It's tough being the editor of a major medical journal these days. You are under constant pressure to fill your pages with high quality research, and much of this is funded by drug companies. Company-funded research is fine, and often leads to important drug discoveries. The problem is that the editors in charge of accepting articles often have their own drug industry ties, making it hard to trust the integrity of the journal content.
The New England Journal of Medicine has been embroiled in these issues for years. The current editor, Dr. Jeffrey Drazen, initially had ties to about 20 drug companies when he took over from Marcia Angell, but he has since severed those ties, and has become an important watchdog of excessive industry influence in medicine.
Unfortunately, our major psychiatric journal, the American Journal of Psychiatry, has decided to take the low road, heading back into the land of conflict of interest. Each January, the journal publishes the financial disclosures of its main editors. You can read the latest disclosures here. The editor in chief, Robert Freedman, M.D., who disclosed no competing interests last year, now discloses that he serves as an "unpaid co-investigator ... for investigations sponsored by pharmaceutical companies that are developing new drugs for patients based on his research findings."
I nearly jumped out of my seat when I read that, because this is the same editor who took the unusual step of writing an editorial criticizing an accepted article in December 2006 issue. Freedman critiqued an article by Rosenheck that presented data showing that the old antipsychotic Trilafon was more cost-effective than newer atypicals. At the end of that editorial, Freedman said he had no competing interests. Maybe that's true--perhaps he did not begin his "unpaid" investigations with companies until after he wrote the editorial. However, it seems likely that he knew at that time that he might be entering into those relationships, because he has been conducting the research on antipsychotics for many years.
What about the "unpaid" nature of his work with companies? Does this mitigate the nature of his competing interests? Of course not; Freedman co-owns a patent for a promising molecular target of new antipsychotic drugs (see this article for background), and stands to benefit hugely, either financially, or in terms of career advancement, if this target pans out as an effective treatment for schizophrenia.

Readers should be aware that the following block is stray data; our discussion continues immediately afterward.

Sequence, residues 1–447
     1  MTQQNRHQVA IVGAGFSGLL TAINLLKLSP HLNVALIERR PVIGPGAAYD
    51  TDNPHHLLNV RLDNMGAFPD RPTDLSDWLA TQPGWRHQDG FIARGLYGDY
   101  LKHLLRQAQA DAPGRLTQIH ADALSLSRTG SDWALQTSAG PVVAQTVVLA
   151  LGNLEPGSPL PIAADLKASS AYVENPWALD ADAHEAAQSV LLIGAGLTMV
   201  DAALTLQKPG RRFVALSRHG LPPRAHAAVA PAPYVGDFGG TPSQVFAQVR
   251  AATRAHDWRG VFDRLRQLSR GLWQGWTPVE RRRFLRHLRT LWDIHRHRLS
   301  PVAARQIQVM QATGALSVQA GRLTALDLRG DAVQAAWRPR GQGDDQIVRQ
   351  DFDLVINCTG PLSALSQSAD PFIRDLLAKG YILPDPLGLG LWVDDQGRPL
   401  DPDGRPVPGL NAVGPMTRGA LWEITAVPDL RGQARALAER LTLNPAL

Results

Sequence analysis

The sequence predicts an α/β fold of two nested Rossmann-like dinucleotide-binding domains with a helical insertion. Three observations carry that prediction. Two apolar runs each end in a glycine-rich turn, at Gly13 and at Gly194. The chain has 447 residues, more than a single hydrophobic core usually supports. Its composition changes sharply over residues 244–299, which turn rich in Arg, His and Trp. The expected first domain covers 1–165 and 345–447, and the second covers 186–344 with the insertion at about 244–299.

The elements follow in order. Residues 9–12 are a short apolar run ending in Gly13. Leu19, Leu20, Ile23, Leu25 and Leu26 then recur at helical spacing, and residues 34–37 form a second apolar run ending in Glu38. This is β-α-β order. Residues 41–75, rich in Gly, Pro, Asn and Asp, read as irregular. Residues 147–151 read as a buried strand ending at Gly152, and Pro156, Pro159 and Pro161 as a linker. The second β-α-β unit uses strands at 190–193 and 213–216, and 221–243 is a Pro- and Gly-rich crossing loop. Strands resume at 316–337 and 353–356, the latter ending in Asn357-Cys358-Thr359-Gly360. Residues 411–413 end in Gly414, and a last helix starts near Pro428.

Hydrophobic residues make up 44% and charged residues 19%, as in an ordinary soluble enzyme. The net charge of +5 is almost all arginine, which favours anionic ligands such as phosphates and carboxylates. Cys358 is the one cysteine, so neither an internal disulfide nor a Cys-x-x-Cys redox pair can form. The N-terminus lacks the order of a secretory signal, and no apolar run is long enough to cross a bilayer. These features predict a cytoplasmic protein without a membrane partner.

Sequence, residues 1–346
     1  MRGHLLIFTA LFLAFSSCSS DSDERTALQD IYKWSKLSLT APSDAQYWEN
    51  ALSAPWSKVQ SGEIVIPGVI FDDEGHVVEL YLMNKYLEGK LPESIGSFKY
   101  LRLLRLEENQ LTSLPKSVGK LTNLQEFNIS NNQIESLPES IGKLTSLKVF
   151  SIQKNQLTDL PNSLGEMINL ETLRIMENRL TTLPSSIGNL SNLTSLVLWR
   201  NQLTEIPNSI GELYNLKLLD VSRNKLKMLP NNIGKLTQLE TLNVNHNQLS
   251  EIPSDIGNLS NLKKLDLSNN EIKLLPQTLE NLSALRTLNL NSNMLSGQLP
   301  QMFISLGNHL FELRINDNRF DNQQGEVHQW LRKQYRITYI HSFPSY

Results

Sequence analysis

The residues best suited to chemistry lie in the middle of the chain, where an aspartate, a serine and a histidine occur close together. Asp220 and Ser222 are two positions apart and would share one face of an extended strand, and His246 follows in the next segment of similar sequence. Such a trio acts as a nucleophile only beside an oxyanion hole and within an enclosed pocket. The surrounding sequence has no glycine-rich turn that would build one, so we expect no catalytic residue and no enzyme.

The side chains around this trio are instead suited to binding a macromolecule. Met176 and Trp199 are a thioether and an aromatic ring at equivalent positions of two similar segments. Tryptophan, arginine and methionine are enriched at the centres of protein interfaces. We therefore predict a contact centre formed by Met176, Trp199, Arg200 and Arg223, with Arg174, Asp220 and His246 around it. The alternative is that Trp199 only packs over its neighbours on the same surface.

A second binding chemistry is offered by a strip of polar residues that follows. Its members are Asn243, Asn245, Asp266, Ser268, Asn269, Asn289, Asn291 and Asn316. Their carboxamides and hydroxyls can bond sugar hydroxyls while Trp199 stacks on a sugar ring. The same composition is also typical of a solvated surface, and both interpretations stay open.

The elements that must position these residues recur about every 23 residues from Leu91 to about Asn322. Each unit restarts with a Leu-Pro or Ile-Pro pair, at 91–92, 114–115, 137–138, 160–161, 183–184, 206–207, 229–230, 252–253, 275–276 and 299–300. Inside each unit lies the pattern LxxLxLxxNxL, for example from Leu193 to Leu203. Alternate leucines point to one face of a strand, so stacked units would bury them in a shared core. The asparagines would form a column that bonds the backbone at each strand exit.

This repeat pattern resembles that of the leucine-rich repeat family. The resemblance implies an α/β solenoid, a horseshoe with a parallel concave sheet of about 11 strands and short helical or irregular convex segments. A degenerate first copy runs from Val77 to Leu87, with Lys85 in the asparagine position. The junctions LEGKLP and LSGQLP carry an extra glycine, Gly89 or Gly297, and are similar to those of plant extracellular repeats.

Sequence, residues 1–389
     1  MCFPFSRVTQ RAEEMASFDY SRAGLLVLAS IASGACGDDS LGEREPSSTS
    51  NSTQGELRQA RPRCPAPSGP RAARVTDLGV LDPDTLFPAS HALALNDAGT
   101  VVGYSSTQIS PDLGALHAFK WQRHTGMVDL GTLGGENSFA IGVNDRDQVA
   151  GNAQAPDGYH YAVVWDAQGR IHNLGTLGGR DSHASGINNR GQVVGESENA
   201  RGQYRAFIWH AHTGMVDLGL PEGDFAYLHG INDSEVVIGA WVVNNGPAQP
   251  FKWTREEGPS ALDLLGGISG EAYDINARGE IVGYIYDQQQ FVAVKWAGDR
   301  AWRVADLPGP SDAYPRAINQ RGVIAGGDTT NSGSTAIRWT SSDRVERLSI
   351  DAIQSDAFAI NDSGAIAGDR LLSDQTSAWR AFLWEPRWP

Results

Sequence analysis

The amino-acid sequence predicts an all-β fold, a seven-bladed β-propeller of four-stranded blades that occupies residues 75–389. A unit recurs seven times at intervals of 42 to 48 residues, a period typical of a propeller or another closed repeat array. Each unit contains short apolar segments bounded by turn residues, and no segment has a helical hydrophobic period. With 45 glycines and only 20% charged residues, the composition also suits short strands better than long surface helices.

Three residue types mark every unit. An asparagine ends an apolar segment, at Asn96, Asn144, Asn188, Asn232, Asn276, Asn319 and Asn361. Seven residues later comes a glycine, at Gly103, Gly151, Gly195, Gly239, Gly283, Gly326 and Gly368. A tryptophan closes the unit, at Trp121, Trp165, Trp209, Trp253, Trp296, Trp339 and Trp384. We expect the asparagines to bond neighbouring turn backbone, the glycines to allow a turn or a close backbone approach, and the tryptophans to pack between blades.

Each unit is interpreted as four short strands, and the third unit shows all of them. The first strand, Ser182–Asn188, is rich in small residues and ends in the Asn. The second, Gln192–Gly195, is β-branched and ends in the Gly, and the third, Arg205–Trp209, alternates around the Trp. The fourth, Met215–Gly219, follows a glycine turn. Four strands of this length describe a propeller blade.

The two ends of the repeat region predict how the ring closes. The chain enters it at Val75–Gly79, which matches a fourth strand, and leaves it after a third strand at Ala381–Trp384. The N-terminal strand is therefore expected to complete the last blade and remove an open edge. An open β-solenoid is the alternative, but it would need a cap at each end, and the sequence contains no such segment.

Don't get me wrong: I think it's great that Dr. Freedman is doing important research and I hope it leads to effective new treatments. But is he the right man to be at the helm of the major American psychiatric journal? Certainly not. We need an editor with no competing interests, whether those interests are related to financial incentives or career incentives.
By the way, I e-mailed Dr. Freedman about my concerns and he responded with the following explanation which I found perplexing:
"My research concerns the development of new treatments for schizophrenia, for which I am funded by NIH and VA research grants. NIH and the VA funded the development of the molecule that I currently am working on. However, in the course of developing new drugs, I may need to interact with a pharmaceutical company if it has discovered a more promising molecule for the targets that my research group has identified. Although that has not happened, I want our readers to be aware that it could possibly happen. It is a disclosure in advance of any transaction that might subsequently require disclosure, so that readers can assess the issue in prospect."
That's a mind-bender! In this month's issue of his journal, he states that he "serves" as an investigator for studies sponsored by drug companies. But in his response to my question, he retracts that disclosure, saying that, in fact, he has not worked with drug companies, and does not now, but that he might in the future.
I, for one, am confused. I look forward to what Dr. Freedman has to say in his 2009 disclosures!